U.S. Women Shatter 4×100 World Record | stanton-company.com

U.S. Women Shatter 4×100 World Record

LONDON – As Carmelita Jeter sprinted across the finish line in the women’s 4×100-meter relay Friday night, she turned to her left and pointed at the electronic clock beside the track as if to say, “Look what we just did.” A beat later, the board flashed the news: NEW WR.

Jeter’s final leg capped a sparkling race for the United States, which won its first gold medal in the sprint relay in 16 years and did it in remarkable time. The Americans’ time, 40.82 seconds, shattered the previous world record, 41.37, which was set by East Germany in 1985. Jamaica finished second, and Ukraine took third.

For the United States women, traditionally strong in the sprints, the 4×100 had been a relative blight. It was the only one of the four relays the United States had not won in this century, with its last gold coming at the Atlanta Games in 1996. Since then, a series of dropped batons and missed exchanges had produced years of a disappointment.

The Americans were not alone in their struggles though. The Jamaicans failed to win a medal in 2008, too, though they at least waited until the final to have their poor pass; the United States slipped up during the heats.

On Friday, though, the Americans were perfect. Tianna Madison broke quickly from the blocks, then passed cleanly to Allyson Felix, who won the 200 this week. Bianca Knight ran the curve on the third leg before passing to Jeter, who took silver in the 100 and blazed toward the finish, where she celebrated just as she crossed the line.

It was a stunning finish in an event in which the United States found itself embroiled in a bit of controversy before it even ran. Jeneba Tarmoh was part of the quartet that ran in the preliminary round, but she did not run in the final. Tarmoh’s inclusion in the heats means she will win a medal, but these Games seem destined to be a bittersweet experience for her as she was part of the contentious dead-heat finish in the 100 at the Olympic trials that ultimately left her on the outside of the American sprint team. She was later added to the relay team.

On the men’s side, no one denies the dominance of Jamaica and the United States when it comes to sprinting, but avoiding the perils of baton passing during the relays is never guaranteed. After six clean passes Friday night, however, the powerhouses of track and field set up another sprint showdown that should be a worthy finish to the meet at the London Games.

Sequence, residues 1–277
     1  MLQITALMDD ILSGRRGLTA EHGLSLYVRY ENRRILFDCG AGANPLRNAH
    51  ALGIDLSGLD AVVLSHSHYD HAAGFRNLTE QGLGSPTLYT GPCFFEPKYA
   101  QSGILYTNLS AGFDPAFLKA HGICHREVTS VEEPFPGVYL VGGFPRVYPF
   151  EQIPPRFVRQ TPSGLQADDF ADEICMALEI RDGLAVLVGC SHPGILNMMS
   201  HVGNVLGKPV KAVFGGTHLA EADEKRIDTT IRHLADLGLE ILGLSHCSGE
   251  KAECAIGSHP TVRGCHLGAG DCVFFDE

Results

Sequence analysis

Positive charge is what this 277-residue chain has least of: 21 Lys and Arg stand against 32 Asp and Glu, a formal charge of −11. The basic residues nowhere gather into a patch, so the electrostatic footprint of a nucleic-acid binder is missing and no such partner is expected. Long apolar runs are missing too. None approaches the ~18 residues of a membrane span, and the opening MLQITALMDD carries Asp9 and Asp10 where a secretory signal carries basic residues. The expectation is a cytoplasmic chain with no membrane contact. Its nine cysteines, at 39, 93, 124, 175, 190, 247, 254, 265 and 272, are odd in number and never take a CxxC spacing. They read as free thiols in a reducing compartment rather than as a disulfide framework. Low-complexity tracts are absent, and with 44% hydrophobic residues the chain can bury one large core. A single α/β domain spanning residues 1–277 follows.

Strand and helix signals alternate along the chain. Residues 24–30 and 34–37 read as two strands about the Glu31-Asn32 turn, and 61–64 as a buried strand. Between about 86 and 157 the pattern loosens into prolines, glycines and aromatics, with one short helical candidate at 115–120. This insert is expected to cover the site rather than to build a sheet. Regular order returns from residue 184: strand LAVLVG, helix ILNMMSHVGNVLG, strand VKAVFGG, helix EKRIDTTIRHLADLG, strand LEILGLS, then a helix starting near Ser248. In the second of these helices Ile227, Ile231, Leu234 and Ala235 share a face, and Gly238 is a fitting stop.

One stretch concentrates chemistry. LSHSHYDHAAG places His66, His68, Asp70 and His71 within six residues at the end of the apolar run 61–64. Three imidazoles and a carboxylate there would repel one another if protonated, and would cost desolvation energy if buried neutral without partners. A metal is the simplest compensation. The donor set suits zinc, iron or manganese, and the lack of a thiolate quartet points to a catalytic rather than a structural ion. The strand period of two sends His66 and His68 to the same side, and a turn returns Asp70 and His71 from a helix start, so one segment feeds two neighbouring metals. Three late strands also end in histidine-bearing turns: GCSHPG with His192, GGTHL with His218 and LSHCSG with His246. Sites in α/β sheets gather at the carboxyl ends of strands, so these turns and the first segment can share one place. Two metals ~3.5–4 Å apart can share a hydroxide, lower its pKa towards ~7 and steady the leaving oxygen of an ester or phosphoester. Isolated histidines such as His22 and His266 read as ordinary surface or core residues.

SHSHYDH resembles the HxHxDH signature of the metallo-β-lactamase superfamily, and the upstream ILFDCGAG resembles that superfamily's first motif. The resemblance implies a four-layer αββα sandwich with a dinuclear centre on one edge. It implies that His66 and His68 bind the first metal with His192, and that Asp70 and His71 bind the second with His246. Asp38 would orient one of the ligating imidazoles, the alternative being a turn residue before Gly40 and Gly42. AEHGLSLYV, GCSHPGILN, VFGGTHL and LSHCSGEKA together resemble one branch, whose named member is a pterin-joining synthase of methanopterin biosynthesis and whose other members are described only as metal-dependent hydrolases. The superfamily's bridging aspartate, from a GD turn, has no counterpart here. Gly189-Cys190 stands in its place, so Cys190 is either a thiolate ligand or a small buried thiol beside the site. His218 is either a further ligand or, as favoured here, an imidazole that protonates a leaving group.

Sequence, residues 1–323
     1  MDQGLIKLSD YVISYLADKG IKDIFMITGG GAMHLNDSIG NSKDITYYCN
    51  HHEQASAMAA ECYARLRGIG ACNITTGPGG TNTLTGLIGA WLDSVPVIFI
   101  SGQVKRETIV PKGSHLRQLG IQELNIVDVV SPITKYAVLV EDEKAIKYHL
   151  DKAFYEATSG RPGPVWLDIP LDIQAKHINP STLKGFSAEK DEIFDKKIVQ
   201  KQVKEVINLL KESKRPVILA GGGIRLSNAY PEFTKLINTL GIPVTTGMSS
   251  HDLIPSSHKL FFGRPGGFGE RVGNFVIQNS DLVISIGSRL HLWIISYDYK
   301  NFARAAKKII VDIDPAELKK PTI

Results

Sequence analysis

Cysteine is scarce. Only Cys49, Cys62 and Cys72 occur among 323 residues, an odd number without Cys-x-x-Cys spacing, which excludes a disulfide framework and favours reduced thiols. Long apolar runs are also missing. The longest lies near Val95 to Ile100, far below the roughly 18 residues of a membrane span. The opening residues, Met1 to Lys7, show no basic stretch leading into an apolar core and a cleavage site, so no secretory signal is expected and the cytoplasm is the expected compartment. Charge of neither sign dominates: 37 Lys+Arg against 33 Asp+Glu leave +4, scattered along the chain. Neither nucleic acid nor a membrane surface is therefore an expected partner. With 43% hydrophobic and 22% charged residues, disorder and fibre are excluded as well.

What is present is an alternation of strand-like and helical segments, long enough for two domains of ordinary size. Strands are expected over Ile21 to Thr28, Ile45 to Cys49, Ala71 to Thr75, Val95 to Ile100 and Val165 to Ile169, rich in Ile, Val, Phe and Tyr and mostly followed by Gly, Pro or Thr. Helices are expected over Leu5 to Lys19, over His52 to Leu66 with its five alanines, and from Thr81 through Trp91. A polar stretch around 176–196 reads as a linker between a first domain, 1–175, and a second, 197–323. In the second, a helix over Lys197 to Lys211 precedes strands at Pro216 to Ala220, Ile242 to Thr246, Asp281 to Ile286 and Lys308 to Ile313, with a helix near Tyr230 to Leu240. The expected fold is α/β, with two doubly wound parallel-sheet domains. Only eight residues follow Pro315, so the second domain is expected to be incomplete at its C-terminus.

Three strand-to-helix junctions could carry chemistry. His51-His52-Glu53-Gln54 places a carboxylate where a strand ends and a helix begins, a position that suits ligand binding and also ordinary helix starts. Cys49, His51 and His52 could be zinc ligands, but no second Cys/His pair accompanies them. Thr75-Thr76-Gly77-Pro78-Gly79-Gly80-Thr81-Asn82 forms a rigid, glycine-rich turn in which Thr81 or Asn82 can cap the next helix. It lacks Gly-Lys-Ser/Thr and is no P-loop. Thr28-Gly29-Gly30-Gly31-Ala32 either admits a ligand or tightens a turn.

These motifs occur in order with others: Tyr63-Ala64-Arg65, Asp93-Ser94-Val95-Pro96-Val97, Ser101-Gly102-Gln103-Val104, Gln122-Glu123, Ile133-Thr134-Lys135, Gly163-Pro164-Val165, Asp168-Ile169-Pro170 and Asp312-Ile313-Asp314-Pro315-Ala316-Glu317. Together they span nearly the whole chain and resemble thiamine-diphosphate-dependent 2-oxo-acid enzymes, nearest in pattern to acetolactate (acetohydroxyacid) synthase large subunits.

In the first heat of the 4×100-meter relay, Jamaica raced away from the field to finish in a time of 37.39 seconds, just over three-tenths of a second off the world record. A few moments later, the United States ran a clean circuit as well, beating Jamaica’s time by one one-hundredth of a second and easily qualifying for the final with a time of 37.38.

Despite the stars available on both teams, neither country used its top quartet in the opening round, opting for one star apiece: Yohan Blake, the silver medalist in the 100 and the 200, ran the third leg for Jamaica, while Justin Gatlin, who finished third in the 100, ran the anchor leg for the Americans in the next heat.

The teams should look different in Saturday’s final, as Usain Bolt – who has already won gold medals in the 100 and 200 here – is expected to join the Jamaican team. Tyson Gay, who finished fourth in the 100, should feature for the United States.

Strange as it might sound, simply making it through the preliminary heats could be seen as a victory for the United States, which has had an awful run of fortune in the sprint relay. After poor passing caused the Americans to finish second at the Athens Games in 2004, they failed to finish their heat in Beijing, were disqualified in the heats at the 2009 world championships and did not finish again at the world championships in 2011.

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Source: NYTimes.com

Posted on: August 10, 2012